Raising a teenager is a tall order for any parent, but when those teens' parents have gone through a divorce, the challenges are often amplified. If you're attempting to co-parent with your former spouse, there may be some potential for conflict that could ultimately erode your relationship with your child.
There are steps that parents in Florida and nationally can take, though, to improve the dynamics of this joint parenting situation. It takes some work, of course, but shared child custody can still give your kids an opportunity to thrive. It routinely does for millions of kids across the country.
The best thing you can do in such circumstances is to get on the same page as the other parent. Take all the time necessary to develop a parenting plan that outlines opinions and rules regarding a variety of lifestyle circumstances that teens will soon be facing.
Some of these potential sticking points can include when the teen is allowed to get a driver's license, and when -- and how -- a vehicle will be provided. This can be sometimes be a divisive issue that teens will try to manipulate to pit parents against one another and get what they want. Parents should address this issue well before the subject of cars is brought up by the teen.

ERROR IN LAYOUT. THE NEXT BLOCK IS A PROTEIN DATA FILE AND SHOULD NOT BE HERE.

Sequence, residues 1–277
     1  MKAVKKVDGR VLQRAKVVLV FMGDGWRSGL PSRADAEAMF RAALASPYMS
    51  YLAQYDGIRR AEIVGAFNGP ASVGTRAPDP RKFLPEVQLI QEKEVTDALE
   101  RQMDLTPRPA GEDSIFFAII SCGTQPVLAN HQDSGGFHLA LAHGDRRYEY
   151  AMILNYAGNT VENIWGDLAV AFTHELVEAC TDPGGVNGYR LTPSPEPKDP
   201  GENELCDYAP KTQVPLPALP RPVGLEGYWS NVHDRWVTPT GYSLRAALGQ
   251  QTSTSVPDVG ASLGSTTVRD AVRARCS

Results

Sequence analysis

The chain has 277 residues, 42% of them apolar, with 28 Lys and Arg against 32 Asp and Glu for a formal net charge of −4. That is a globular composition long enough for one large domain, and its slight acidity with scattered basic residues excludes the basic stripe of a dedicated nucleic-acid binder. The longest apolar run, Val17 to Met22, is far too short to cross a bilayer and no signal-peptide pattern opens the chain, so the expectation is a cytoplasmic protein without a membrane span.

Similarly, the use of smart phones, laptops and other tech devices is very important, since these devices have a significant social role among America's teens. Parents need to have consistent rules regarding the use of these devices, regardless of which parent's home the child is currently staying in.
Other important and sometimes divisive issues can include tattoos, piercings, the appropriate age for employment, chores, curfews, sexuality and values, and school enrollment status. Make sure these are all addressed in your parenting plan to provide the greatest consistency possible given the teen's living situation.
Source: Huffington Post, "7 tips for co-parenting teens," Tara Fass, Jan. 23, 2013
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